The next in our Hidden Treasures of Sheffield series features the River Don Steam Engine (nicknamed “Big Davy”), the most powerful working steam engine in Europe, capable of delivering a whopping 12,000 horsepower. Originally built for rolling armour plate for Dreadnought warships in the First World War, the engine now lives at Kelham Island Museum, where it still runs twice per day.
As a team, to put this series together we’ve thought hard about those areas, monuments, buildings and bits of history that help to form what Sheffield means to us. We’ve chosen to include this incredible piece of machinery in this series due to a personal connection to it and a link to the pre-Abbeydale Brewery days… here are the memories of our brewery co-owner, Sue: “It is an incredible engine. I started at River Don Works where it was housed as a graduate trainee in 1977. I was recruited by Hugh Wentworth-Ping, who was responsible for saving the engine, raising the £20K scrap value to pay British Steel and getting the engine transferred to Kelham Island Museum. I remember my interview with him to this day. He was a larger than life character, extremely outspoken and unrelenting in the face of incompetence. But those who were prepared to stand up to him got on very well with him. That’s what I did in my interview. There were 5 people on the panel and he kept talking over them and interrupting them. In the end I said to him rather crossly something along the lines of “I’m sorry but I can only answer one question at a time, do you want me to answer yours or the one posed by the other member of the panel?” He guffawed, subsided and behaved himself. When I took up the job he was always great with me and helped me a lot, though I was always careful to answer him boldly. Most of the rest of the team were scared witless by him!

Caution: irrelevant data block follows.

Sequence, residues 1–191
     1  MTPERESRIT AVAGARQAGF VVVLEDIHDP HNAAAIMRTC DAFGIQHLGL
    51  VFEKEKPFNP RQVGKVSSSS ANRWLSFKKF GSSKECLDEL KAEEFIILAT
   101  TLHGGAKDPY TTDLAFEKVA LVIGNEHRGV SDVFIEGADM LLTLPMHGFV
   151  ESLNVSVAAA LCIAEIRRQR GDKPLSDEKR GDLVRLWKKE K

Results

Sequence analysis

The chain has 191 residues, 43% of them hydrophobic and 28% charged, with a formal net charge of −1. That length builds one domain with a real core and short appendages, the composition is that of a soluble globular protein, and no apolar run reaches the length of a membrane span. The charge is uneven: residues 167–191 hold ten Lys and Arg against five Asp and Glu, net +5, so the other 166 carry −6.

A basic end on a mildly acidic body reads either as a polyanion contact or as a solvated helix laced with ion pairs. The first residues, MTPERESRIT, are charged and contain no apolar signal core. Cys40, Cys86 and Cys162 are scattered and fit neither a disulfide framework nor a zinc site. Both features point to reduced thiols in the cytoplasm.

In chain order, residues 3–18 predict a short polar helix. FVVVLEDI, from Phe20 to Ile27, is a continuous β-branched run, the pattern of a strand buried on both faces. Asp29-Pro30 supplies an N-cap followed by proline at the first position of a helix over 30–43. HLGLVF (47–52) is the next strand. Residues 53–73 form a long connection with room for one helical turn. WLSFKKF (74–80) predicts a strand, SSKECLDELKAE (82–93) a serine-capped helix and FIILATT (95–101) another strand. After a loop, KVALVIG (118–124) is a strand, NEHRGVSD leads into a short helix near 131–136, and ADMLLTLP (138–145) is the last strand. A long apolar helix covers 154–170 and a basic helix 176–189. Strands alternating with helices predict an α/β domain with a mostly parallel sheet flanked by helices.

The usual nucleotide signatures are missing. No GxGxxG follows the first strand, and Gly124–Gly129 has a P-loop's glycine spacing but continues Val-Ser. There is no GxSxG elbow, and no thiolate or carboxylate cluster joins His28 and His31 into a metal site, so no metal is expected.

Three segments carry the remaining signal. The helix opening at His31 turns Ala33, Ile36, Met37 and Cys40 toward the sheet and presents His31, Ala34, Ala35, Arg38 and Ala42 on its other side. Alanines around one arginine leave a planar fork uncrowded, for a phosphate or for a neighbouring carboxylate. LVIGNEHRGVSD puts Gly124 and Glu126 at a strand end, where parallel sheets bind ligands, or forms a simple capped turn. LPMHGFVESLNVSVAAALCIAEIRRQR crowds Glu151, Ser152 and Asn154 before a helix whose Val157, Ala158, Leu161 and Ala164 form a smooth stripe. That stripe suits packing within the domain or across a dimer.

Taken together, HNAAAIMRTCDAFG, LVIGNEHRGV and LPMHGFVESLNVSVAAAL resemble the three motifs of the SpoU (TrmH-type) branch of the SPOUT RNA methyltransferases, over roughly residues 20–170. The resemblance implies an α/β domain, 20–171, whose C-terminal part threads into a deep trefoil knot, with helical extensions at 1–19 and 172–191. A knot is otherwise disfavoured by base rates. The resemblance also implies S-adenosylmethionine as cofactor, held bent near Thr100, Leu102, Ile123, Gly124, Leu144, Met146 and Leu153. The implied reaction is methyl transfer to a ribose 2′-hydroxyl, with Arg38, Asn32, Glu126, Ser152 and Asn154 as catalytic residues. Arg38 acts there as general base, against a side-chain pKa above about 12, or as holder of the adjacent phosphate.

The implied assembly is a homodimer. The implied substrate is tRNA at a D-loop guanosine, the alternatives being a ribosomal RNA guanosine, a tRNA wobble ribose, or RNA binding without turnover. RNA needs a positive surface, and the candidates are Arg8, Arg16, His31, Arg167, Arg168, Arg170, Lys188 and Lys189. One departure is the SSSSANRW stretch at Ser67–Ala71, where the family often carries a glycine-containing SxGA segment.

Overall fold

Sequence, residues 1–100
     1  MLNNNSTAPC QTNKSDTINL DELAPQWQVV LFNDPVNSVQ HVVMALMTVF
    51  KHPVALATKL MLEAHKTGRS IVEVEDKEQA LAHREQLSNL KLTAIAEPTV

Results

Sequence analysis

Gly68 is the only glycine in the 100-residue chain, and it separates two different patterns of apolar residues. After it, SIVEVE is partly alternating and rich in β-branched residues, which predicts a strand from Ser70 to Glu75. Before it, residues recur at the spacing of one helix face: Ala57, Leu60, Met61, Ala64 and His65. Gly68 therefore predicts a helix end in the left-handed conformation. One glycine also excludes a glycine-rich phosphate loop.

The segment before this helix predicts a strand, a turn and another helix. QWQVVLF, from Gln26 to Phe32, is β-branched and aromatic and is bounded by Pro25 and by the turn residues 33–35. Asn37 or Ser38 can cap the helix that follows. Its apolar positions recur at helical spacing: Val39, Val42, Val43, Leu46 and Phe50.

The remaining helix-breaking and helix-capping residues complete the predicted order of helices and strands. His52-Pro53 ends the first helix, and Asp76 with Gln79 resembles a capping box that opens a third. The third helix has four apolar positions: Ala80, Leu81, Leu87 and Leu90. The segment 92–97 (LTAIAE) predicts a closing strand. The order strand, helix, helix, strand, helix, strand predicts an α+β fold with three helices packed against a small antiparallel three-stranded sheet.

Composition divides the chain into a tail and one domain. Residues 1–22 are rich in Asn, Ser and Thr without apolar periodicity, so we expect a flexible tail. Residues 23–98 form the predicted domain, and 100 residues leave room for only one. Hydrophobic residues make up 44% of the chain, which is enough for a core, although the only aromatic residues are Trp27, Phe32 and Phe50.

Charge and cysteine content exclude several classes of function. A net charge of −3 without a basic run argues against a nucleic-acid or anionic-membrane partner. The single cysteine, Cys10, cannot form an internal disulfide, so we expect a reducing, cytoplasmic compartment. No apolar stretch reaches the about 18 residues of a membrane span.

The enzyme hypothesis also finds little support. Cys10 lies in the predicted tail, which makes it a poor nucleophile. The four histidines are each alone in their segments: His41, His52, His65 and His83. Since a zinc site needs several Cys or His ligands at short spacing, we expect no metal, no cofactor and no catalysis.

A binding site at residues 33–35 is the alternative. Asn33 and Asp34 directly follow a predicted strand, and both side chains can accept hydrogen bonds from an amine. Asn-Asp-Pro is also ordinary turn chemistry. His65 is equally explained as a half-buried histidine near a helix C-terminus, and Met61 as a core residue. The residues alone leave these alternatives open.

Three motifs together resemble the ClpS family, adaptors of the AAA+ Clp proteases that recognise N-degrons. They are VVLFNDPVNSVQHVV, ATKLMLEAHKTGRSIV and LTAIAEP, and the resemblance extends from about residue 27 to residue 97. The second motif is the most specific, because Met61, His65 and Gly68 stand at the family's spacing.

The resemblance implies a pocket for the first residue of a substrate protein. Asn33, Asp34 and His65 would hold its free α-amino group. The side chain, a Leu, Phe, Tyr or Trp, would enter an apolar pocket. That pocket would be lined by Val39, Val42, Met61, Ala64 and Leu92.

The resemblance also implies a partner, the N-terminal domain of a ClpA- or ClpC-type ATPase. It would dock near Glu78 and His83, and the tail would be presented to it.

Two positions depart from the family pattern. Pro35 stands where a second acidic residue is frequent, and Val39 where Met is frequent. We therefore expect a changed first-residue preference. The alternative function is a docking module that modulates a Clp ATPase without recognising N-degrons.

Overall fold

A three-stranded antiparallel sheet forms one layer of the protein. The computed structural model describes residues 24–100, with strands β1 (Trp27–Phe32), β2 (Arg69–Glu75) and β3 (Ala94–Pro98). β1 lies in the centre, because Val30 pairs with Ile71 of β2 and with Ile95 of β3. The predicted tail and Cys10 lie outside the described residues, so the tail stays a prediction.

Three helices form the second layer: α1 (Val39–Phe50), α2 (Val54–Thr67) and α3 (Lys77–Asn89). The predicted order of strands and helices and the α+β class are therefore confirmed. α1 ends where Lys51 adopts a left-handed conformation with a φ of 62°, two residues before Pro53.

As for the engine itself, it was mothballed when I got there, since 1974 I think. I was shown over it by the engineer responsible for it. When it became apparent that it was being sold in 1978, Hugh arranged for the news magazine programme which went out daily after the news, “Nationwide”, to come and film it in action. He actually arranged for it to be hooked up to the old rolling mill to it and got some plate to roll, complete with birch twigs to throw on as the metal went through the rollers. The crew spent the day getting background shots around the works, particularly the Melting Shop which was the most spectacular (and dangerous). I was asked to escort the camera crew in the Melting Shop and make sure they got what they wanted whilst also making sure they didn’t cook or otherwise injure themselves.
I was there when they ran the engine for the last time that night. It was spectacular. I still love going to visit the engine, remember Hugh and all the other characters I met in the steel industry. It is a very impressive sight.”
You can see the engine in action for yourself by visiting Kelham Island Museum, it is well worth a trip (and head to their website to learn more about the history of this magnificent and mighty machine)! The beer behind the pumpclip is one of our classic pale ales, a 4.0% easy drinking and sessionable beer with a citrussy body and a gentle bitterness to finish.